Brine, a mixture of water and salt, has been used to tenderize and preserve meats since colonial times. The Food Timeline states some colonial households stored foods in containers filled with cold, salted water. Pork was most often stored in this way to preserve it until it was smoked, as were poultry and game. The brining process causes meats to gain about 20 percent in weight due to the salt and water mixture dissolving protein in muscle tissue and permeating all of the meat. This reduces moisture loss during cooking, making the meat juicier and more flavorful.
Things You'll Need
- One 5- to 6-lb. duck
- 1 gallon of cold water
- 1/2 cup of Kosher salt or one cup non-iodized salt
- 1 mixing bowl
- 1 deep plastic or glass bowl or container
- 2 clean plastic bags, double bagged
- 1 wire tie
- Large mixing spoon
Video of the Day
Remove the neck giblets from inside the duck and rinse it inside and out in cold, running water. Set it aside while preparing the brine.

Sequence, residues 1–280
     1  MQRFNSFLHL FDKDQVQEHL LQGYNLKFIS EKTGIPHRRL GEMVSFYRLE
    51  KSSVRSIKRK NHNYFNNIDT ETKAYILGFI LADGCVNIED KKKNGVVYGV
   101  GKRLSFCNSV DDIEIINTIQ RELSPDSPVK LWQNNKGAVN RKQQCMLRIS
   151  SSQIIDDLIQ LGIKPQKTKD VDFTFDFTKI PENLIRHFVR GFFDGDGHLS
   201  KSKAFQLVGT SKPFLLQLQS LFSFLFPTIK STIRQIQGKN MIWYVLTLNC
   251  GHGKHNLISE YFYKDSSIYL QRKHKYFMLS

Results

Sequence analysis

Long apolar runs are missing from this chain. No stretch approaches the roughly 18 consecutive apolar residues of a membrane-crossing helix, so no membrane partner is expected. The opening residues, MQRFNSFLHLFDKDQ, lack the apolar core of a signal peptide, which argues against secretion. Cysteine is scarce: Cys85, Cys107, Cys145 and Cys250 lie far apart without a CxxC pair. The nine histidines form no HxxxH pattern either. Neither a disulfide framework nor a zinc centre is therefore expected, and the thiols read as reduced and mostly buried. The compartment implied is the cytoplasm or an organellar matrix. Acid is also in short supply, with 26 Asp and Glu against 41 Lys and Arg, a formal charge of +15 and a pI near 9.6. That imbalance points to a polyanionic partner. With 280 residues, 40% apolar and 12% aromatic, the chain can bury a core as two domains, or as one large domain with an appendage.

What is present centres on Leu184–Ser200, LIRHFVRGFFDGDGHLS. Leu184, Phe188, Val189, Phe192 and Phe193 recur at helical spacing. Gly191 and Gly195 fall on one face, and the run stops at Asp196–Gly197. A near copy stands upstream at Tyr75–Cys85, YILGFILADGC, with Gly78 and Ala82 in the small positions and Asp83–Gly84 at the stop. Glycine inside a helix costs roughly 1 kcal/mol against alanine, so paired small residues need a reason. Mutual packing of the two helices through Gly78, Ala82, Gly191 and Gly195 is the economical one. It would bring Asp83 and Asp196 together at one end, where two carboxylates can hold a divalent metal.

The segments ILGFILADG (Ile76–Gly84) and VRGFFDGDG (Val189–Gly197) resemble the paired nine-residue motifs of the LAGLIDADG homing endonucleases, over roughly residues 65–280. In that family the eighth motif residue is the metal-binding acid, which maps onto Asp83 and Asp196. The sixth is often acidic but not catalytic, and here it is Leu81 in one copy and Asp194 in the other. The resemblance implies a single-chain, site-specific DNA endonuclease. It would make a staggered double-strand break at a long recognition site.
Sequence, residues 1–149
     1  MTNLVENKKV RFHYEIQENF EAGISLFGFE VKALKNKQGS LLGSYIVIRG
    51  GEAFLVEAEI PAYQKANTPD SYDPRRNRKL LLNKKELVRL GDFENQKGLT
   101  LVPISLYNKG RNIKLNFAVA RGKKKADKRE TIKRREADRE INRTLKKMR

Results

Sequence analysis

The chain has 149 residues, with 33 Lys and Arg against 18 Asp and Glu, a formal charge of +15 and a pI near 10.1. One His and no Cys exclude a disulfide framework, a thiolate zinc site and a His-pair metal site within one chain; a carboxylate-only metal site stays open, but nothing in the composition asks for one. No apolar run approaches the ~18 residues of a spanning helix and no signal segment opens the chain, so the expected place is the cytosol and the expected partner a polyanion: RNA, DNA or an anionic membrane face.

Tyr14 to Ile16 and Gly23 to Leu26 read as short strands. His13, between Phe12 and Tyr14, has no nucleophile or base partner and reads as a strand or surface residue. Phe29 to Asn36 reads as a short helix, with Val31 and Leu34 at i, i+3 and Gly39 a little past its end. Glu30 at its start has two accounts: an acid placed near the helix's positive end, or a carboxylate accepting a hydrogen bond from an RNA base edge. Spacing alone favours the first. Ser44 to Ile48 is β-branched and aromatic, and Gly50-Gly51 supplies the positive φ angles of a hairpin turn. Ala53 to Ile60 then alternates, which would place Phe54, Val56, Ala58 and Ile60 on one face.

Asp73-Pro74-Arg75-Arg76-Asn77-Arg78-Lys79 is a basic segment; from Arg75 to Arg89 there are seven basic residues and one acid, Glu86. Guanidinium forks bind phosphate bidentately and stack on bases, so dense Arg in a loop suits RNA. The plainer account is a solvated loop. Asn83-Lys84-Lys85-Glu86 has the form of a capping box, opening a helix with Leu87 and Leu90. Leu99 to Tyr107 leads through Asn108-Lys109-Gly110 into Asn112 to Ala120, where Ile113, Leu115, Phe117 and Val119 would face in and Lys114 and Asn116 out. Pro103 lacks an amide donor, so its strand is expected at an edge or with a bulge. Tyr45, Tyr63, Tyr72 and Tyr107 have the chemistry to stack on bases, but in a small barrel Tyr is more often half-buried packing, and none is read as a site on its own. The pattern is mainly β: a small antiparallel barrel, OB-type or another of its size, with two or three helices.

Pour the salt into a mixing bowl and add the water, stirring constantly with a spoon until the salt is dissolved.
Center the doubled bags in a deep bowl or container and place the duck inside the bags.
Carefully pour the salted water over the bagged duck and tightly secure the bags with a wire tie, pressing as much air out of the bags as possible.
Place the bowl containing the brined duck into the refrigerator and let it chill for one hour per every pound of weight. The duck can be turned once every hour to ensure even soaking.
When the duck is finished soaking, rinse it inside and out under cold, running water and dry the skin well with paper towels. This will remove any remaining salt and allow the skin to crisp when cooking.